Thursday, March 29, 2007

We Protect Kids From Everything But Fear

I'm posting this because although it doesn't directly address psych drugs or the psych environment, it is an illustration of the world that our psych-influenced schools and social environment have led us to. At the bottom, in red, is my postscript.

Paula Spencer

April 2, 2007 issue - Four 11- and 12-year-old girls stood in front of my open pantry, mouths gaping wide. "Look! Fruit Roll-Ups!" "Oh, my God! Chocolate-chip cookies!" "You have regular potato chips? We only get the soy kind."

After 14 years and four kids, I thought I'd feel comfortable as a mother. Instead, I'm increasingly aware of a prickly new sensation:
that I'm some kind of renegade. Who knew that buying potato chips would become a radical act? Or that letting my daughters walk home from school alone would require administration approval? How did I, a middle-of-the-road mom, become a social deviant?

Fear is the new fuel of the American mom. If it's not fear of her child becoming obese, it's the fear of falling behind, missing out on a sports scholarship or winding up with a thin college-rejection envelope.

Apparently I'm not nervous enough. Last summer while I was loafing in front of the TV with my kids, the most benign things morphed into menaces. For example, the sun: long-sleeved, UV-protective swimsuits were all the rage at my neighborhood pool, while I could barely remember to bring the year-old sunscreen. The water wasn't safe
either: at the beach I saw tots dressed in flotation belts and water wings­for shelling along the shore. And goodbye, cotton candy and hot dogs! At a major-league game I saw moms and dads nix the stuff as if they'd never eaten the occasional ballpark treat. As if their children would balloon into juvenile-diabetes statistics if a single swig of sugary soda passed their lips.

Half my kids' friends­who already make A's and B's­had summer tutors in order to "keep it fresh." I thought vacation was for relaxing and recharging. What would our pioneer foremoms think? (You want something to worry about, let me show you frostbite, typhoid and
bears!) Heck, what must our own mothers think? (Snap out of it! Go worry about something truly scary, like how you're going to pay for

I thought that once the kids were back in school, things would calm down. Instead, a fresh seasonal crop of anxiety sprouted, this time over corruptive candy fund-raisers and insufficient use of hand sanitizer. I know one mom who wants to change her son's schedule because he doesn't know anyone in his classes; she's worried he'll be "socially traumatized" all year. Another is afraid of a learning disability she just read about, though her child seems bright and charming to me.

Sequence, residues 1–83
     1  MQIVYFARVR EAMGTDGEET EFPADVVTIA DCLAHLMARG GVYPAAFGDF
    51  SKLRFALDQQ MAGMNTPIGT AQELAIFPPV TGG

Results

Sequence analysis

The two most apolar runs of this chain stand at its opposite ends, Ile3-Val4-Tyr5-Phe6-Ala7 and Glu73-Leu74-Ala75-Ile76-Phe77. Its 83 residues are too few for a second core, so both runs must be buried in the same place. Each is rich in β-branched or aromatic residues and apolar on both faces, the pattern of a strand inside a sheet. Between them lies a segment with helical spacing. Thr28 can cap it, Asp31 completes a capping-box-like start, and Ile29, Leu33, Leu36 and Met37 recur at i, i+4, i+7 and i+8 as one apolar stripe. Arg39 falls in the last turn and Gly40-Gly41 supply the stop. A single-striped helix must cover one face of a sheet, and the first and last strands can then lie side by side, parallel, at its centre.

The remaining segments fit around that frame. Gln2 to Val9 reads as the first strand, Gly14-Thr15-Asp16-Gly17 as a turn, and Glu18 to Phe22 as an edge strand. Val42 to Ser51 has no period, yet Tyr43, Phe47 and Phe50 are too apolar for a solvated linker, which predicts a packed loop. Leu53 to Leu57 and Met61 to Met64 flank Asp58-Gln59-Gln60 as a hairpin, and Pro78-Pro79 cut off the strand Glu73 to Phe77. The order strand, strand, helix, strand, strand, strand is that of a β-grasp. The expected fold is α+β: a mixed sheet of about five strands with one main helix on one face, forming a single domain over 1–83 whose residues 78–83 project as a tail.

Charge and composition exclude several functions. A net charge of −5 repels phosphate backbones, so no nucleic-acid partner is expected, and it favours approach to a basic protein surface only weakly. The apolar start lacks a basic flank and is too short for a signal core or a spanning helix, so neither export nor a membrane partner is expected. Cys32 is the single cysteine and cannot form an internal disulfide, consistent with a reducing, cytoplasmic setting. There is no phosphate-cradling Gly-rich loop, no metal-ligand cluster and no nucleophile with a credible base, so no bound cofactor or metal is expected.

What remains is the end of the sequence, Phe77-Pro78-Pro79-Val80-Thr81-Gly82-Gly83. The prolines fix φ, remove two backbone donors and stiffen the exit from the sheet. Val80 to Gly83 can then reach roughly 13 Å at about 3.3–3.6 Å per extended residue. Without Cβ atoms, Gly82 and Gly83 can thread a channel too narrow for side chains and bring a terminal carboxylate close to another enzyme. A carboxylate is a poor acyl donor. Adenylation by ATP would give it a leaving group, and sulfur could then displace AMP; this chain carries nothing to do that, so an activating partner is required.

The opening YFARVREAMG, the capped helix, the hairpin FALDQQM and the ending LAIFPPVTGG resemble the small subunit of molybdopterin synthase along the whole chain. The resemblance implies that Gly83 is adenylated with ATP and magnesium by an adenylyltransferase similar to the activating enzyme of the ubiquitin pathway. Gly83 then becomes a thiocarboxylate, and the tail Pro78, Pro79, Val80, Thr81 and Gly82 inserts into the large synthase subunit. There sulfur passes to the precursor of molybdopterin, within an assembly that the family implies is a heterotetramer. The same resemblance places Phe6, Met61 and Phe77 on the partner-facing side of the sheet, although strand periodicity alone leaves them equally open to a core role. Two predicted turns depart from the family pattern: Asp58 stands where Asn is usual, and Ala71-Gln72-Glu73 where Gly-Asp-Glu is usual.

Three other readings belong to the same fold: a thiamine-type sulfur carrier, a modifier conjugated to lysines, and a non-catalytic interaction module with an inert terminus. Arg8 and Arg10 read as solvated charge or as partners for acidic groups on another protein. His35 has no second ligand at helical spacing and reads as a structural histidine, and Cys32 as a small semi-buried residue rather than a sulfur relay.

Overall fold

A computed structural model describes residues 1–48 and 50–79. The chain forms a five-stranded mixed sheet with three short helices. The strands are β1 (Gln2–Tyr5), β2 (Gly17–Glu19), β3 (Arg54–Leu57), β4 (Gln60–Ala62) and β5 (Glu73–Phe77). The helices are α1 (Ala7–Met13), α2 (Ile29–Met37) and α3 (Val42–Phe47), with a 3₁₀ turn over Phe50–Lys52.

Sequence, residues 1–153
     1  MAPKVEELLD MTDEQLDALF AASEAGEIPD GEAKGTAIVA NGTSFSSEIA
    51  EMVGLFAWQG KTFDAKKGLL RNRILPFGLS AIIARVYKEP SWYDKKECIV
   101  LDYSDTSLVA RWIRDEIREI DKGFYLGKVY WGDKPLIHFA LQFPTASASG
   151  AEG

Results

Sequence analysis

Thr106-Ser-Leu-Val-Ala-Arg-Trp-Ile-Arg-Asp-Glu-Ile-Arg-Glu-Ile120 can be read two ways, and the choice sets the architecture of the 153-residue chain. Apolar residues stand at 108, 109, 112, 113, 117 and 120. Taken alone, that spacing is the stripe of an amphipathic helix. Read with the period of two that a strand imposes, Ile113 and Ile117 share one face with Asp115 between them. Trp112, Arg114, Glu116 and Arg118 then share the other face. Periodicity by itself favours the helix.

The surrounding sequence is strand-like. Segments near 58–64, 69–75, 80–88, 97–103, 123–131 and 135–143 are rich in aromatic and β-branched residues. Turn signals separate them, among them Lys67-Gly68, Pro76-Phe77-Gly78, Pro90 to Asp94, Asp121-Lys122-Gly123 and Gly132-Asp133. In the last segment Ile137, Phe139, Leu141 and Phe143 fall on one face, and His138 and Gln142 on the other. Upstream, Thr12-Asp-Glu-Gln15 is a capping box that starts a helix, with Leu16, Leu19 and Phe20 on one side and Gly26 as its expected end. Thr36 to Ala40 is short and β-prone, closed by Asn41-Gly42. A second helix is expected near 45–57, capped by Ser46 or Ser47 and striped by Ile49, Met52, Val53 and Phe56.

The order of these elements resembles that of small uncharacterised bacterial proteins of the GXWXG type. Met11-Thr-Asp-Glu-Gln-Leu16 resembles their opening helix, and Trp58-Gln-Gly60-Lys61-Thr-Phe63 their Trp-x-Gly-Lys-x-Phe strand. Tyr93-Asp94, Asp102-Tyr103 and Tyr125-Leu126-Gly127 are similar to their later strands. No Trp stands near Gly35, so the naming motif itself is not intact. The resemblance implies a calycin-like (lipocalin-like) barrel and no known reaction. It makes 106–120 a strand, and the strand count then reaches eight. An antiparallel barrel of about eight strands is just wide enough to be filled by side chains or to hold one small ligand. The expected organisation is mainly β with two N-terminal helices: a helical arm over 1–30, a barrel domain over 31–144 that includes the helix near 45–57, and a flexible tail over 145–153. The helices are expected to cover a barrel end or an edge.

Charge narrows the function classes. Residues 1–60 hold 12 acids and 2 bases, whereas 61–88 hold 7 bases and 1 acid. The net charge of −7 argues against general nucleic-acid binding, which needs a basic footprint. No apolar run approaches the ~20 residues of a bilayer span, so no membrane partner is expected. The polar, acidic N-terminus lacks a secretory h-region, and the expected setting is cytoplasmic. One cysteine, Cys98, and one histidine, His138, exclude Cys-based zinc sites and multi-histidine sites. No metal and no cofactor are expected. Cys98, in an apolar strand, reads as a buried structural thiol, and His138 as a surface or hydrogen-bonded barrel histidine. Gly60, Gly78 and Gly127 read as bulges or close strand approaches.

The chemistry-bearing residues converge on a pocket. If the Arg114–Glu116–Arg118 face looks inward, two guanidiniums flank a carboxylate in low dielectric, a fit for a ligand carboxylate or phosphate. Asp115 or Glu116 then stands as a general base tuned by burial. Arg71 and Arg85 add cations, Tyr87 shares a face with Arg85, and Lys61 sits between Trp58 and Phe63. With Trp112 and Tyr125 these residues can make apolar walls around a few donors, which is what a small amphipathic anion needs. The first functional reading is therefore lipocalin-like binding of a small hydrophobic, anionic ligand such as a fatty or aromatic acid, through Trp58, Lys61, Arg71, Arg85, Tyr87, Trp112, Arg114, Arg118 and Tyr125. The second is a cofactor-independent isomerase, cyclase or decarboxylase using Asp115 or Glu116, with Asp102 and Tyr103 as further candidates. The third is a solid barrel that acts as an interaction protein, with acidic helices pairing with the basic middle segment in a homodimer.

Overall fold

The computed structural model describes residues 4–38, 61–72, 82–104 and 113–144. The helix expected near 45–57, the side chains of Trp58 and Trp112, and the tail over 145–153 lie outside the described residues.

The fears are as irrational as they are rampant. Recently my children's elementary school failed to meet adequate yearly progress goals for a particular minority's reading progress under the No Child Left Behind Act and was placed on a warning list. This meant parents might gain the right to transfer their children to another school in the district. Never mind that this very same school sent more kids to the district's gifted program than any other, or that this entire district has the highest SAT scores in the state. The day the news broke, six different moms (none in the affected minority) asked me if I was planning to transfer my kids. From neighborhood pride and joy to threat to child's future overnight.

It's not that I think parents shouldn't worry about anything. I'm personally petrified of SUV drivers on cell phones. I fret as much as the next mom about how to pay for college. I pray my kids won't wander onto MySpace and post something dumb.

But you can't go around afraid of everything. It's too exhausting! No matter how careful you are, bad stuff happens (diaper rash, stitches, all your friends assigned to another class). And it's seldom the end of the world.

Watching my daughter's friends ogle my pantry, I realized there's one big, legitimate fear that I haven't heard anybody mention: what's the effect of our collective paranoia on the kids? Yes, these very kids we want to be so self-sufficient, responsible, confident, happy and creative (not to mention not food-obsessed). They're growing up thinking these weirdly weenie views are healthy and normal.

Walking out my front door that day, each girl happily clutched a plastic baggie stuffed with the exotic kid snacks that my daughter had doled out in pity. I may be a rebel mom, but at least I'm not afraid of a chocolate-chip cookie.

Spencer lives in Chapel Hill, N. C.
© 2007 Newsweek, Inc.

The bottom line is there is no greater proponent for the "dangerous environment" than psychiatry/psychology. The schools are all conditioned to be testing children for possible "suicide" indicators, but their solution when they supposedly find one of these potential kids is to give drugs that cause people to consider, or even commit, suicide. The idea that people's psyches are fragile is the primary push behind the entire idea of the dangerous environment. Anybody who is acting up or not doing well is a "victim" and is coddled. People who are bold and think for themselves are chastised or penalized. Homogenization is the order of the day. The writer of this article may not have realized how well she illustrated the fallout from this psych bomb that has been exploded in our society.

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